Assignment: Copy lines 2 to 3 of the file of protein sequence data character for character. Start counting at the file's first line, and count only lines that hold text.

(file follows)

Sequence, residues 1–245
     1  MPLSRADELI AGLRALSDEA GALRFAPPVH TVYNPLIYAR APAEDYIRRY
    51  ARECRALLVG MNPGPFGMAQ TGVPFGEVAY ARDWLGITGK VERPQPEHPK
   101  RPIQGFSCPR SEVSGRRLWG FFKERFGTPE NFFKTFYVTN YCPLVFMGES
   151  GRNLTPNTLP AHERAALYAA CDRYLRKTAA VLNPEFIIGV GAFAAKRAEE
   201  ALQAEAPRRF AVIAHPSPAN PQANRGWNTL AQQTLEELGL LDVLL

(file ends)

     1  MPLSRADELI AGLRALSDEA GALRFAPPVH TVYNPLIYAR APAEDYIRRY
    51  ARECRALLVG MNPGPFGMAQ TGVPFGEVAY ARDWLGITGK VERPQPEHPK